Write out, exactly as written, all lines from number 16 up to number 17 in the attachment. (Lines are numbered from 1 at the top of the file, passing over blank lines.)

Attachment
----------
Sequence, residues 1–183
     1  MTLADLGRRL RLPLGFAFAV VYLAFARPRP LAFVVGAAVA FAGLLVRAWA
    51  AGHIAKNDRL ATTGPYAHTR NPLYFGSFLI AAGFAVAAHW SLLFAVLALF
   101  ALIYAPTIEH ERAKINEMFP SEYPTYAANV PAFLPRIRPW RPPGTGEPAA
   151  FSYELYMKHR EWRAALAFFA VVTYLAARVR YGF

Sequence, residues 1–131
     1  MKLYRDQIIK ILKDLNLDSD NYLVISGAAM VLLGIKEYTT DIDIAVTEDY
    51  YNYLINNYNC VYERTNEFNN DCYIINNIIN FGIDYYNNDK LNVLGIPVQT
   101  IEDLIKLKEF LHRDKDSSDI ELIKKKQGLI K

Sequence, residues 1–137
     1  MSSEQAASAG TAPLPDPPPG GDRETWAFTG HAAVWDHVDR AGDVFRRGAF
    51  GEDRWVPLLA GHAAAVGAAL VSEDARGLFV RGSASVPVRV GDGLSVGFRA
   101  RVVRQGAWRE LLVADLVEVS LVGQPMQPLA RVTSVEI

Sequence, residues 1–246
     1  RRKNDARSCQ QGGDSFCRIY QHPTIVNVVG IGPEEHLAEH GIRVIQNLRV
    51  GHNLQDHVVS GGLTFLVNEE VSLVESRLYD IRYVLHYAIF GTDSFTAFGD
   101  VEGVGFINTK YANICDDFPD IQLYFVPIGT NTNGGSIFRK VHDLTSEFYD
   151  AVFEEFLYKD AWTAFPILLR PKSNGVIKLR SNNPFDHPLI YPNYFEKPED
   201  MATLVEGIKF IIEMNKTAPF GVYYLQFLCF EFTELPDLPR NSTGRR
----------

    51  GHNLQDHVVS GGLTFLVNEE VSLVESRLYD IRYVLHYAIF GTDSFTAFGD
   101  VEGVGFINTK YANICDDFPD IQLYFVPIGT NTNGGSIFRK VHDLTSEFYD